I have a transfer function like this:


I can separate the denominator into an expression of the type: \$(1+s/a)(1+s/b)\$ and then plot these two curves.

However, my textbook doesn't tell me how to plot the numerator: \$s^2+\frac{1}{LC}\$

It teaches how to draw curves for quadratic poles but they have a diferente form.

How do I manipulate it to make it look like one of these?

enter image description here

All these types of poles and zeros have \$j\omega\$ instead of \$\omega\$ which is what I would get if I separate in two terms: \$(1+\omega\sqrt{LC})(1-\omega\sqrt{LC})\$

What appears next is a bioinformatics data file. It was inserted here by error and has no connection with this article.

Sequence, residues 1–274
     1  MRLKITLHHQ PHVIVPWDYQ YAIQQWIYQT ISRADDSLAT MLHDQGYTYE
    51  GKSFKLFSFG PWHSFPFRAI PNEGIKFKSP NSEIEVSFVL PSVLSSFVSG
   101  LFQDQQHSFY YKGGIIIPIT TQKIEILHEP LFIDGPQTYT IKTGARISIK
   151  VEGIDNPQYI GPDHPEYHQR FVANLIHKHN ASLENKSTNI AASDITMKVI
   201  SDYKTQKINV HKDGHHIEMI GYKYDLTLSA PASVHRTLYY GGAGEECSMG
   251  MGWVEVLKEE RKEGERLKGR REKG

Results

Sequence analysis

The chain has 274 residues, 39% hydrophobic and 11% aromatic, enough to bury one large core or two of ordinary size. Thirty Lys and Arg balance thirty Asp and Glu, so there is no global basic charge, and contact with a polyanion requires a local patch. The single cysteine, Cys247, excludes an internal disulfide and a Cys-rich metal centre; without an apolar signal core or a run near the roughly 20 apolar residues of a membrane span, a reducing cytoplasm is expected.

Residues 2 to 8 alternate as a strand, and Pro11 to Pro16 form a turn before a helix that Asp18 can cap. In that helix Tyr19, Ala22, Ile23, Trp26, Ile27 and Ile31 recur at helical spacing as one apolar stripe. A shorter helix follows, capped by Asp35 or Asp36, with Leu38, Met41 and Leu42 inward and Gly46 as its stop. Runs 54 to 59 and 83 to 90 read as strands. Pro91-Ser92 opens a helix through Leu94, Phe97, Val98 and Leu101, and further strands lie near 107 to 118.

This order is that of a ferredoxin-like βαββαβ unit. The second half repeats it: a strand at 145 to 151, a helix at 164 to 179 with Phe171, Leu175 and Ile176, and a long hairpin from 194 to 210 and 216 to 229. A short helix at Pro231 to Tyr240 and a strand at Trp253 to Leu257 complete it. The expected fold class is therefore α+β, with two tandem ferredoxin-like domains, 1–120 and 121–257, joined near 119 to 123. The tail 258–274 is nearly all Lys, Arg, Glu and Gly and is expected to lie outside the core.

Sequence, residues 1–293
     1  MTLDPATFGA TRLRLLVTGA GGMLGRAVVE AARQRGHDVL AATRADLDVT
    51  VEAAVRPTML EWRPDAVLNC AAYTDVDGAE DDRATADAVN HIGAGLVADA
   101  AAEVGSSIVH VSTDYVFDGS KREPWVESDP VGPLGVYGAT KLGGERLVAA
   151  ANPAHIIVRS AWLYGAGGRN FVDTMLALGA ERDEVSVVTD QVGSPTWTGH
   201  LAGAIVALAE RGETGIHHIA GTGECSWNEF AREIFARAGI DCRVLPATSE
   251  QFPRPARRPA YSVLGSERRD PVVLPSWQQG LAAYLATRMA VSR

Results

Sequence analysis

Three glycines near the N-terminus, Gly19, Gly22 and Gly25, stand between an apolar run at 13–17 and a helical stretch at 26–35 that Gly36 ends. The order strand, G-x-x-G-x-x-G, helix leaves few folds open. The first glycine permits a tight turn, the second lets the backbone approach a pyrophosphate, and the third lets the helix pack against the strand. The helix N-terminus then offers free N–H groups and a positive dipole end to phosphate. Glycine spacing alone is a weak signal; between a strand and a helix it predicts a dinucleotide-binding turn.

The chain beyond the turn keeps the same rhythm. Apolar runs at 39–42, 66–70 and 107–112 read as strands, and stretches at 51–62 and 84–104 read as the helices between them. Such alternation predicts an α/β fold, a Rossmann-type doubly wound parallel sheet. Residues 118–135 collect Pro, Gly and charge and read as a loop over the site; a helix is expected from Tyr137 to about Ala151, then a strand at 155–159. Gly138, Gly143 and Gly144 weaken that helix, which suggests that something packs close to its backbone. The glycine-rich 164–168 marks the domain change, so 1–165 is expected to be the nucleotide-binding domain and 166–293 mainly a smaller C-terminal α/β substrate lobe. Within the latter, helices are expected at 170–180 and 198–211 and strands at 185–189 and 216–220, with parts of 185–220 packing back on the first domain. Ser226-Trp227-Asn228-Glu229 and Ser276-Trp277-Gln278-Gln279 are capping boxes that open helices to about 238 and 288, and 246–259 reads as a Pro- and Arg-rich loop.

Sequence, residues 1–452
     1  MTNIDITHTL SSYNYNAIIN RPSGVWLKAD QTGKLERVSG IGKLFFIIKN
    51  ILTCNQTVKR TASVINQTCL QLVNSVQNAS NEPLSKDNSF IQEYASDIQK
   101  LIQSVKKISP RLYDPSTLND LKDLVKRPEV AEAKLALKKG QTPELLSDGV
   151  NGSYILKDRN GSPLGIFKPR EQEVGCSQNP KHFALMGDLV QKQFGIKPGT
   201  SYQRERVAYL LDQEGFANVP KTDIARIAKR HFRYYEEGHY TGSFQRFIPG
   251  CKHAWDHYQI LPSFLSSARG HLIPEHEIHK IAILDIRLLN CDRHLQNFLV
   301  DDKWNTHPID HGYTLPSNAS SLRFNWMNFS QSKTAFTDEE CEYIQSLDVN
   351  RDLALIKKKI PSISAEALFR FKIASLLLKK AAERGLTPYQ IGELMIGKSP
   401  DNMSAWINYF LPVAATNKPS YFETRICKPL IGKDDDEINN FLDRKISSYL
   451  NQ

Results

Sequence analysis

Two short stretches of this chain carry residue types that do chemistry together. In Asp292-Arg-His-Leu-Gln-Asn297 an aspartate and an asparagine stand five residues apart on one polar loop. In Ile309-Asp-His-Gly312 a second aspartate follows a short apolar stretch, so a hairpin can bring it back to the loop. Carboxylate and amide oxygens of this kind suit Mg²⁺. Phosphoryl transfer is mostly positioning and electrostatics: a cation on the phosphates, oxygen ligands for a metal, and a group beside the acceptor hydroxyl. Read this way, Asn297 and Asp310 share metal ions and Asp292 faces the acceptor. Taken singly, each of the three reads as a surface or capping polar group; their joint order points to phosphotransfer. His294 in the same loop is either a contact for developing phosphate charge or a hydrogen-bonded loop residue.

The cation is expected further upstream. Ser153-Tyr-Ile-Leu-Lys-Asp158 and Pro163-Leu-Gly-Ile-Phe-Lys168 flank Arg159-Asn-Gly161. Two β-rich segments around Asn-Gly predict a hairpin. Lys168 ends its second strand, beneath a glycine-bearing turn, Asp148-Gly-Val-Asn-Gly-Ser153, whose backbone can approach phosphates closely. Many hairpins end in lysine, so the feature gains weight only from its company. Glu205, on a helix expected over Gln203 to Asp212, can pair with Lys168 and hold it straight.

Appreciate your attention.

  • 2
    \$\begingroup\$ Factor \$\frac{1}{LC}\$ in the numerator and the denominator. In the denominator, you should rework your expression so that it fits a second-order canonical such as \$D(s)=1 + \frac{s}{Q\omega_0} + (\frac{s}{\omega_0})^2\$ and identify \$Q\$ and \$\omega_0\$. In the numerator, you will have \$N(s)=1+(\frac{s}{\omega_0})^2\$ which also is the correct canonical form. \$\endgroup\$ Commented Mar 9, 2018 at 3:56

1 Answer 1


Rewritten in standard form, \$s^2 +\frac{1}{LC}\$ is: -

$$s^2 +\omega_n^2$$

Where \$\omega_n\$ is the natural resonant frequency. So equating to zero we find that: -

$$s^2 = -\omega_n^2$$


$$s = \pm j\omega_n$$

Because the square root of -1 is either +j or -j

You have a notch filter with zeroes at \$\pm j\omega_n\$


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